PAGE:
|Martelly sparks tension for congressional campaigns|
|Friday, 04 May 2012 11:16|
President Michel Martelly has returned to Port-au-Prince following his recovery from a dangerous blood clot in Miami. The president however left a diplomatic controversy in his wake after publically urging the Haitian Diaspora in South Florida to support congressional candidate, Dr. Rudy Moise.
Dr. Moise is set to campaign against incumbent Democrat Congresswoman Frederica Wilson in the primary race in the newly formed 24th district, which has seen an influx of new voters, particularly Hispanic, following the redrawing of the district's boundaries. In the 2010 campaign, Moise was one of four Haitian-Americans who vied for the same seat, which then had split the Haitian-American vote in favor of Congresswoman Wilson.
In an interview with a local radio station however, President Martelly urged Haitian-American voters to unify behind Moise.
"It is very important for Haiti to stand behind Rudy Moise," said Martelly. "Haiti could benefit from the post...Haiti feels that it needs this support; it needs this key."
The comment has sparked concerns about foreign nationals influencing U.S. elections, particularly following Martelly's pledge "to put my friends with him [Moise]...to put people who do fundraising with him." But according to U.S. law, foreign nationals are banned from contributing to the campaigns of political candidates.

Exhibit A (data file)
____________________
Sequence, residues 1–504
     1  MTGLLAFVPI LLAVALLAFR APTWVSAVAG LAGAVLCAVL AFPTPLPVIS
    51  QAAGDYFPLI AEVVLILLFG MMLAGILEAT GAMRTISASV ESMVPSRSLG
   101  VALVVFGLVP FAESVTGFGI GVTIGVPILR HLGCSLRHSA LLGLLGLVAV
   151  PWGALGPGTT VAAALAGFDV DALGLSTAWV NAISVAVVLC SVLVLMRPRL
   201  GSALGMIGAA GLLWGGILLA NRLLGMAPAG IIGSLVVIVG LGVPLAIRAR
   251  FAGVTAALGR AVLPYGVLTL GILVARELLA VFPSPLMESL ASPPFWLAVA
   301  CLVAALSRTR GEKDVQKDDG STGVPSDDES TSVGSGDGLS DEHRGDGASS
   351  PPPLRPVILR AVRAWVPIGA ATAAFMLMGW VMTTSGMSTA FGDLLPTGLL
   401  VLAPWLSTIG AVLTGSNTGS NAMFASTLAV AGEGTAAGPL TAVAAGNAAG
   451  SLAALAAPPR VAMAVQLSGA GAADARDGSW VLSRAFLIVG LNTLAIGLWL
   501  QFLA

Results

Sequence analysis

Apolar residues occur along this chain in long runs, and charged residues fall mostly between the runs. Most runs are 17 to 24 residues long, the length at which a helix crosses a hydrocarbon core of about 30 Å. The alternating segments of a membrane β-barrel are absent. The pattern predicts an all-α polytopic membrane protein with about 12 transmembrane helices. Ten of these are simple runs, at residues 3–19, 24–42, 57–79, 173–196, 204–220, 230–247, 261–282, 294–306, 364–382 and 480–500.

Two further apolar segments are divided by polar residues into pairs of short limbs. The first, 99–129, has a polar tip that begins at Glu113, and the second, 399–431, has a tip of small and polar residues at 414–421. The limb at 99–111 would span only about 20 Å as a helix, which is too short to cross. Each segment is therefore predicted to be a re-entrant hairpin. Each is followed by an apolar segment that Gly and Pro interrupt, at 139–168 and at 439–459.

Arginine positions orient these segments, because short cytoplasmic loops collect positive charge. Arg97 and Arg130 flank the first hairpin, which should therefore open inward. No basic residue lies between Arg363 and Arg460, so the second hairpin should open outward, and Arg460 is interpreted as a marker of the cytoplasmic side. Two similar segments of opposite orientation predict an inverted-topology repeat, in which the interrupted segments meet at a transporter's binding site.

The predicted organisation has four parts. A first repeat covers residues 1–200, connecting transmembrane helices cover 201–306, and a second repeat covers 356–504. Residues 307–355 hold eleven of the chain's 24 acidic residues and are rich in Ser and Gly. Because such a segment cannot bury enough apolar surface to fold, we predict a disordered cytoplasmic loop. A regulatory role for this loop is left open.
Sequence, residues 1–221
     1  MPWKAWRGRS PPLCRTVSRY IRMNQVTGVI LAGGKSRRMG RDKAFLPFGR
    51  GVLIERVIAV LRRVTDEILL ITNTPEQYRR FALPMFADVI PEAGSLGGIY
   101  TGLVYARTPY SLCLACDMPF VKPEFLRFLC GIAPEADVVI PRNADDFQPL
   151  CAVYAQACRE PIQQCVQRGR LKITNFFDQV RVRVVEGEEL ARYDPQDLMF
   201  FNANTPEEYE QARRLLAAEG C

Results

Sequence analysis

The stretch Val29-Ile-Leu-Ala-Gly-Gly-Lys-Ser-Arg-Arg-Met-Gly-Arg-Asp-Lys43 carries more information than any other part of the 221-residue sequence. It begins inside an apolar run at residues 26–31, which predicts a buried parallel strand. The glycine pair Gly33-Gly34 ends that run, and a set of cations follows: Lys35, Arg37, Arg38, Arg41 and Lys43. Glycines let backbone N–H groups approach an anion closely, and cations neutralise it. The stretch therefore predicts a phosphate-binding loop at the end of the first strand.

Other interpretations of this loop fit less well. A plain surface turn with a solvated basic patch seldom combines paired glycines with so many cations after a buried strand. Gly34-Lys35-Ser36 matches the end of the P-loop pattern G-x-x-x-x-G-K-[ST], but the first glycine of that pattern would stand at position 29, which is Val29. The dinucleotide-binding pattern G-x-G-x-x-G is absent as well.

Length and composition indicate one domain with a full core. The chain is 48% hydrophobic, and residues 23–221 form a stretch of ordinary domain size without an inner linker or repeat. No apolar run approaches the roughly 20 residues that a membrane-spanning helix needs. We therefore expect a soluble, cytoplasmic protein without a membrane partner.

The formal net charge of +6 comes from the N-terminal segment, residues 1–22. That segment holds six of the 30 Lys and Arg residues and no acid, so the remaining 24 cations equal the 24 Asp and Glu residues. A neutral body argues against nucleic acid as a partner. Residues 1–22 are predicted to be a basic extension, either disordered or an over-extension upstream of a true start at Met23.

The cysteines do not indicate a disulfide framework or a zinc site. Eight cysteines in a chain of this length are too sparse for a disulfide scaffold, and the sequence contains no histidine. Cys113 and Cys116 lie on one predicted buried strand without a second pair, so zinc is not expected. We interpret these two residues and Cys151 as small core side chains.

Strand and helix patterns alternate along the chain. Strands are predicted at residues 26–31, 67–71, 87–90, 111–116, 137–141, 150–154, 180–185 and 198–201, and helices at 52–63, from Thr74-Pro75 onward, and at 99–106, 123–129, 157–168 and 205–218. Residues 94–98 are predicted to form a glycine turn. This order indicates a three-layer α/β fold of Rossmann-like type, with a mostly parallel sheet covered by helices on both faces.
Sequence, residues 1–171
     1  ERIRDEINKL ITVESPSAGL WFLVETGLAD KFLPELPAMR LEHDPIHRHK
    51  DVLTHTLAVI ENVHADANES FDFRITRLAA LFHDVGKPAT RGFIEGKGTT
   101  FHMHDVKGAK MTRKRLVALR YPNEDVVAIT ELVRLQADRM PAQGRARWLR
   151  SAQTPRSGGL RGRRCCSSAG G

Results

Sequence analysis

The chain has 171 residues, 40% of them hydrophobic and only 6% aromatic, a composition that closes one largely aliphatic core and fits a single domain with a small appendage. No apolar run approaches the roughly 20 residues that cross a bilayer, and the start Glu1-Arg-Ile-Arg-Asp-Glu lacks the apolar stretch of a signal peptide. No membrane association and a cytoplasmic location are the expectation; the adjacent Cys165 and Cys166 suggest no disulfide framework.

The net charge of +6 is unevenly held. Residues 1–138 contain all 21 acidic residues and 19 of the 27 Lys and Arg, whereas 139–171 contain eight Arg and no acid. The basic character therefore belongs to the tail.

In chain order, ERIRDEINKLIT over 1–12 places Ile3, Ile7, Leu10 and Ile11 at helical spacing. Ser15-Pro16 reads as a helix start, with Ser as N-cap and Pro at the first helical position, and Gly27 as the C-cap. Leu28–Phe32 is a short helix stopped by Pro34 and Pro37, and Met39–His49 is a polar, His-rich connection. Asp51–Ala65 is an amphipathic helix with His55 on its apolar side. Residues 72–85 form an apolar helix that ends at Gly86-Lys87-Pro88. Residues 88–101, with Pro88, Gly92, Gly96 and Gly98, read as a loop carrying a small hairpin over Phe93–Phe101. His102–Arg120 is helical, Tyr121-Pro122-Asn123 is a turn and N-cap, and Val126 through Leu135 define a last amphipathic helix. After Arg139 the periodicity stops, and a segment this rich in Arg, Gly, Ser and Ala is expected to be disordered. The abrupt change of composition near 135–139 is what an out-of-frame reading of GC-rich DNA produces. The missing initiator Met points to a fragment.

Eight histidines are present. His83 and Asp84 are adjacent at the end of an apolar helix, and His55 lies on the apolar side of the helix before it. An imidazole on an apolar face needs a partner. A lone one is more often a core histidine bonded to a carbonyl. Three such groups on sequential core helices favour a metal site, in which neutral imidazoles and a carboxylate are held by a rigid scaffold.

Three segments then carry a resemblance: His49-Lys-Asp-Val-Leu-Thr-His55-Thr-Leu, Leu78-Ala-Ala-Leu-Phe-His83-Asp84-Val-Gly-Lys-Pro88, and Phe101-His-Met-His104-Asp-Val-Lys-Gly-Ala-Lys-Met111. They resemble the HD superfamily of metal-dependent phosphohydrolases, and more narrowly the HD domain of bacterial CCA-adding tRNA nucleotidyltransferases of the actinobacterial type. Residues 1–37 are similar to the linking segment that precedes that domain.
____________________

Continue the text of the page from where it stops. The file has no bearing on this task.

Congresswoman Wilson quickly responded to Martelly's comments, confirming to the Miami Herald her rejection of "efforts to divide my Congressional district into Haitians versus African Americans" in the August 14 primary race.
Moise currently is the only Haitian-American campaign against Wilson in the primary. But since entering office, Wilson has made prominent efforts to court Haitian-American voters and retain their support in her district. She has made several diplomatic trips to Haiti following the devastating 2010 earthquake. She also sponsored new immigration polices that expanded temporary protective status (TPS) for Haitian immigrants. Haitian workers now can apply for the H-2A and H-2B nonimmigrant visa program for seasonal workers. No progress has been made however on efforts to speed up the release of approved family-based visas for Haitians – a key legislative issue for the Haitian-American community in South Florida.
Both Moise and Wilson were recognized for their efforts to support the Haitian Diaspora in South Florida by the Ministry of Haitians Living Abroad during the "Week of the Diaspora" celebrations this past April.